The vitamin D lowdown
It’s well established that vitamin D is essential for bone health. We need vitamin D to help the body absorb calcium and phosphate minerals from our diet which, in turn, is important for ensuring healthy bones, teeth and muscles.
But, it has also been suggested that vitamin D may help prevent serious diseases such as cancer, various forms of arthritis and autoimmune diseases. During the COVID pandemic, scientists even tried to establish if there was a connection between low vitamin D levels and COVID-19 patients. In general, medical research is ongoing to fully understand the link between vitamin D and disease prevention but it seems that a lack of this essential vitamin causes health issues.
So, in today’s LifeJournal we explain some of the main facts surrounding vitamin D and how you can ensure you get enough, particularly during the long, dark winter months we currently find ourselves in.
Getting ME some vitamin D
There are two natural sources: diet and sunlight.
Sunlight with sufficient amounts of UVB light helps the body to produce or ‘synthesise’ vitamin D in the skin.
Some foods contain vitamin D but nothing quite like the dosage from a hit of sun.
In the Northern hemisphere, sunlight doesn’t contain enough UVB radiation between October to early March for our skin to be able to make vitamin D. And so, during these months, we need to ‘intake’ vitamin D to avoid a deficiency. A shortfall of vitamin D can cause muscle weakness, pain, fatigue and depression. In fairness, these are symptoms that could relate to any number of other things but a vitamin D fix might be worth trying.
Can I eat my way to a vitamin D nirvana?
The dosages found naturally in foods are quite small.
Also, vitamin D isn’t that common in many foods. It’s most prevalent in oily fish (salmon, herring, mackerel) and fortified foods like margarines, eggs, mushrooms and meat.
In the UK, an organisation called the Scientific Advisory Council on Nutrition advises the British government on matters like recommended daily amounts. Relatively recently, they re-assessed the guidance on the recommended daily dose for people over the age of four. The Council believes there’s just about enough evidence to suggest we’re better off having a base level of vitamin D flowing around our blood stream and to achieve this, we need to intake 10 micrograms per day to achieve that base level. As an example, that’s five eggs per day. Or one salmon fillet per day. Every day.
Bear in mind that in the summer, incidental exposure to sunlight probably gets you to the 10 micrograms without the need for food or supplements so this is a winter consideration. To the extant you’re not eating five eggs a day during Autumn-Winter (!), supplementation is a good option.
Many supplement brands express micrograms in UI (“international units”). 10μg is equivalent to 400 IU.
Something to consider when it comes to sunlight..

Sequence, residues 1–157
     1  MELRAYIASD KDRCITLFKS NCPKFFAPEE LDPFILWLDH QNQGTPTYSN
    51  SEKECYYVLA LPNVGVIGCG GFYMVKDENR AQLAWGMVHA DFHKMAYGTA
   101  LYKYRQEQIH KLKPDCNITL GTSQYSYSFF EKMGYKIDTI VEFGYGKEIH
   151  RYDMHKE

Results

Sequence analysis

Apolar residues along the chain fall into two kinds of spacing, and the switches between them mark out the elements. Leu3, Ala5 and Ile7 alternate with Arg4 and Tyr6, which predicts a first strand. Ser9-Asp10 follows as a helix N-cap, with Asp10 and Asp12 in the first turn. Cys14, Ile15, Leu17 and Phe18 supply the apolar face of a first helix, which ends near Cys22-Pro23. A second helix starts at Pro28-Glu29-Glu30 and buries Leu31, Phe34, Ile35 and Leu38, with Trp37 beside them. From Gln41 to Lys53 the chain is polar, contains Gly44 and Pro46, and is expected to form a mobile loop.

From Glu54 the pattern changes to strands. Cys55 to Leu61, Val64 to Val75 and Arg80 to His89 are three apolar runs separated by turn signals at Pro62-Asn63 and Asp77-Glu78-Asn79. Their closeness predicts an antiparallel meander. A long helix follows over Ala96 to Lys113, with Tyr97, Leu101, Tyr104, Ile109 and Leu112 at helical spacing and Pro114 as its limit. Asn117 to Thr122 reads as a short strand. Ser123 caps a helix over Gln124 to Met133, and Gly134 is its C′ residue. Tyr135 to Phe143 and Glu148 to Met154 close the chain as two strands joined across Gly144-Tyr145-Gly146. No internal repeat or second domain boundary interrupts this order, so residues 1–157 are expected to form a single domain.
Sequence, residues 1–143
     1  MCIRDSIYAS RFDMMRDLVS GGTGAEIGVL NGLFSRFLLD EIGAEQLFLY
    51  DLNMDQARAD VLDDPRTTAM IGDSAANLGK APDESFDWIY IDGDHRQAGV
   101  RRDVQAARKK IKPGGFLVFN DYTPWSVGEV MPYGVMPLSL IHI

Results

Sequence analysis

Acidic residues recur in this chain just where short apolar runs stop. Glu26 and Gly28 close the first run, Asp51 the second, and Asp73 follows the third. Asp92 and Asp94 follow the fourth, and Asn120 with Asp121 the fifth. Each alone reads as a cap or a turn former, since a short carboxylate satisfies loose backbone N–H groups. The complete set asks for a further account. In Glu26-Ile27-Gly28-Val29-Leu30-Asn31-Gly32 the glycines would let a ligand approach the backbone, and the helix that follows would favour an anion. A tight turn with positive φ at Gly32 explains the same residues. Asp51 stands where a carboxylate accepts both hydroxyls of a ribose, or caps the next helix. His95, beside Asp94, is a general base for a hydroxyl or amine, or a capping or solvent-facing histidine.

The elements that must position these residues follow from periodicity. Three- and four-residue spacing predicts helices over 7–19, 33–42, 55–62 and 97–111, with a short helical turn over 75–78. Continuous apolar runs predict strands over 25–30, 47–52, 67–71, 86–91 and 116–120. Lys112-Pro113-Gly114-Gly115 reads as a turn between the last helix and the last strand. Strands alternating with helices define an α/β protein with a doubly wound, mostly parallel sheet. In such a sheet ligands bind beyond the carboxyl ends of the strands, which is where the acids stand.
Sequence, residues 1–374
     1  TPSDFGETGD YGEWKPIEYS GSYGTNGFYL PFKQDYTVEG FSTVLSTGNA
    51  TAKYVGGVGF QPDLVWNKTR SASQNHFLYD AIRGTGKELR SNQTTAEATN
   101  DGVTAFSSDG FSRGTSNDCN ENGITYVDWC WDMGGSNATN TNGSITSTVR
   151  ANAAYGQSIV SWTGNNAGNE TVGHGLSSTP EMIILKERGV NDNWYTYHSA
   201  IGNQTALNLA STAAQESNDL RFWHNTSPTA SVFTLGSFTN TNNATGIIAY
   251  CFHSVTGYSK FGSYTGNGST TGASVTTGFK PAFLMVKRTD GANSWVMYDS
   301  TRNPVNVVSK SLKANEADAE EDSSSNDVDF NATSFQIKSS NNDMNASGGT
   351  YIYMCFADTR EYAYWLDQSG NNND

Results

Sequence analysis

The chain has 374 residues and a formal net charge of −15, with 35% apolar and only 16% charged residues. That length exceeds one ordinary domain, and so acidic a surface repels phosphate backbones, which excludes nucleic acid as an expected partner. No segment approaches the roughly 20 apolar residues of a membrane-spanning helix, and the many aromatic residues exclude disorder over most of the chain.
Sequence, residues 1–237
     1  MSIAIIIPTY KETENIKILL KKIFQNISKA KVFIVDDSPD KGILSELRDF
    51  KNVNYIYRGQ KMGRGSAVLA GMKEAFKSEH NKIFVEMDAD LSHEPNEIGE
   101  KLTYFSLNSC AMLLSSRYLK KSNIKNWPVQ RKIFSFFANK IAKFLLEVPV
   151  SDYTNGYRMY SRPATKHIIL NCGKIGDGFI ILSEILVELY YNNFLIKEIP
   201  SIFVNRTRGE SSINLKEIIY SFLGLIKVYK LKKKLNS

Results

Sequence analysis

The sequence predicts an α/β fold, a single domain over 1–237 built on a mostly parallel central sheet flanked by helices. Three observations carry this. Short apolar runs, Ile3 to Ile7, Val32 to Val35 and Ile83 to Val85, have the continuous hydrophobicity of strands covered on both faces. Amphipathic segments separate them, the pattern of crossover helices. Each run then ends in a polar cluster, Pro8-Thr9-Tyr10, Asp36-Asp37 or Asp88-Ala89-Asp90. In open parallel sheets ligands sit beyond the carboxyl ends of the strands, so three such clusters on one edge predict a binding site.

The synthesis of vitamin D in the skin when exposed to sunlight depends on multiple factors like your personal skin type, where you are, the time of day, the weather conditions and so on.
The general rule of thumb from medics and researchers is 10-15 minutes per day of sunlight (between March and September) is more than adequate to give you the recommended dose of vitamin D.
Not wishing to put a dampener on things but…..sunlight can cause cancer. In fact, 90% of melanomas are caused by too much sun. And, specifically, UVB light – which helps the body to produce vitamin D in the skin – also causes sunburn. Five sunburns in a lifetime doubles your risk of melanoma.
For some skin types, 10-15 minutes of sunlight is long enough to cause damage and so SPF should be used.
Until recently, there were concerns within the health community that sunscreen may be contributing to vitamin D deficiency. The logic being that sunscreen blocks UVB light so vitamin D synthesis in the skin could not take place.
This long-held hypothesis appears to have been quashed. Three separate studies by experts from London and Australia were published in the British Journal of Dermatology in May 2019.
The leader of one of the studies was Professor Antony Young from Kings College London. In response to the study, he confirmed that ‘Sunlight is the main source of vitamin D.
‘Sunscreens can prevent sunburn and skin cancer, but there has been a lot of uncertainty about the effects of sunscreens on Vitamin D.
‘Our study, during a week of perfect weather in Tenerife, showed that sunscreens, even when used optimally to prevent sunburn, allowed excellent vitamin D synthesis.’
In a nutshell, the Professor and his team measured vitamin D levels in people’s blood both before and after sun exposure in Tenerife. They had a control group who had very limited sun exposure (in Poland). Different sunscreen products were applied, in different quantities, to the Tenerife group. Despite the application of sunscreen, there was a ‘highly significant’ improvement in vitamin D levels after sun exposure in this group.
Holly Barber from the British Association of Dermatologists said that ‘The risk of vitamin D deficiency from sunscreen has been found to be low, and therefore is unlikely to outweigh the benefits of sunscreen for skin cancer prevention.’
Take life outside (but protect yourself)
Vitamin D deficiency is often the stick that’s used to beat those who endorse SPF as an everyday necessity. But research confirms that sunscreen doesn’t prevent vitamin D synthesis so now you can have the best of both worlds: protected skin, long-term skin health and all the vitamin D you could ever need.
And in winter, take a good vitamin D3 supplement to keep you topped up.